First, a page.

Creative Density: John Levisay (Craftsy) on Uncovering Niche Markets

October 4, 2013


You truly never know the glitches that might arise when you’re in the business of educating hobby-centric women about how to bake cakes that resemble castles. That is what the Craftsy team discovered when they went to the UK for a three day shoot and realized they first needed to convert all their recipe measurements to the metric system.
John Levisay, CEO & Founder of Craftsy, has experienced his fair share of realizations. For the last 15 years, he has been at the epicenter of the dialogue surrounding hobbys and pastimes. During his tenure at eBay in San Francisco, he would uncover niche markets that were unusually popular. Thus, it is no surprise to him that embroidery is a multimillion-dollar market. What is surprising is the way Craftsy has been able to reinvent the hobby learning curve in such a short period of time. Previously, practicing a new pastime was constrained by time and space (and if it wasn’t, learning was restricted to a flat, written medium). 
Craftsy’s technology allows enthusiasts to learn at the moment the flash of inspiration hits, which has a created a momentum of its own. No longer can individuals make excuses for not delving in and expanding a skill set. John is quick to point out that since the Craftsy tutorials are on-demand and trends are ever-changing, there will always be opportunities for growth. 


Founded in 2011, the company has tripled in size and is at 150 employees and still hiring more. Recognizing this expansive market opportunity has successfully supported John through numerous funding rounds. Although obtaining funding is an accomplishment, John cautions about what it truly means to a startup: “Funding doesn’t mean success, it’s a part of the process.” He advises startups seeking funding to truly analyze what type of funding matches their company--not all investments are a good fit.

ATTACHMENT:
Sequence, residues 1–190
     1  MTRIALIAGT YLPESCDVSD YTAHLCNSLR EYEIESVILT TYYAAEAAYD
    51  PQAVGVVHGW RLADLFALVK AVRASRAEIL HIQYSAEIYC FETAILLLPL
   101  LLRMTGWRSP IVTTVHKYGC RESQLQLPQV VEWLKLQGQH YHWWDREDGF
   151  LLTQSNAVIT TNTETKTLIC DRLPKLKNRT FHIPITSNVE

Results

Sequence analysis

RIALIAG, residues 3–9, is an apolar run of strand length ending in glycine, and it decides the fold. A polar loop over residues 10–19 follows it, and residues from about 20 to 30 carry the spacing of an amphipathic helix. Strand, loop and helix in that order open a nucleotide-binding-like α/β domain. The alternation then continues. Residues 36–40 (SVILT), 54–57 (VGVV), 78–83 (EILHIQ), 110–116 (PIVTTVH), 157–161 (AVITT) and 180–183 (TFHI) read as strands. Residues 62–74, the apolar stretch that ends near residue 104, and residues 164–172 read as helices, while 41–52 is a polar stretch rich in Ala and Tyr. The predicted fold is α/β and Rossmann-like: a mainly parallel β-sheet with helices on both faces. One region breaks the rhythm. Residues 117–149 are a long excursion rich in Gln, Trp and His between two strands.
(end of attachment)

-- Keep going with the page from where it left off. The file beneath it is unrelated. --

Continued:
Since expanding into international markets (30% of course enrollment is from outside of the US), the room for growth keeps everyone watching. John’s strategy is to shake up the mundane ritual of practicing a skill. Instead of recreating a book on tape, Craftsy focuses on featuring distinctive characters to lead their eLearners (“We’re not looking for news anchors.”) The Craftsy team has a flair for finding great instructors that offer a different perspective on a craft and have their own particular cultural nuances, which makes the tutorials very engaging. 
Craftsy’s new massive office in Downtown Denver has a personality all its own that truly embodies the company culture. From the winking smiley faces painted in the corners to the desks bedecked with scraps of fabric, you can feel the positive, youthful energy from which John has built his company. “A great place to work doesn’t mean startup clichés around zany facts--it means the actual day-to-day collaboration. I want everyone to walk away from here and say: ‘That was the best job I’ve ever had’.” 
John’s Top Reasons to Starting a Company in Colorado:
  • "Our community has a passionate group of investors focused at increasing the success rate of Colorado startups."
  • "Colorado-based startups get access to an outstanding talent pool coming from the multitude of surrounding educational institutions."
  • "The Colorado business community and business-based organizations are behind great incentives and actively connect those who look to build a business in Denver."
John’s Advice for Startups in Colorado:
“We need to think of ourselves as members of the Colorado technology community. The distance from San Jose to San Francisco is much larger than from Denver to Boulder.” 
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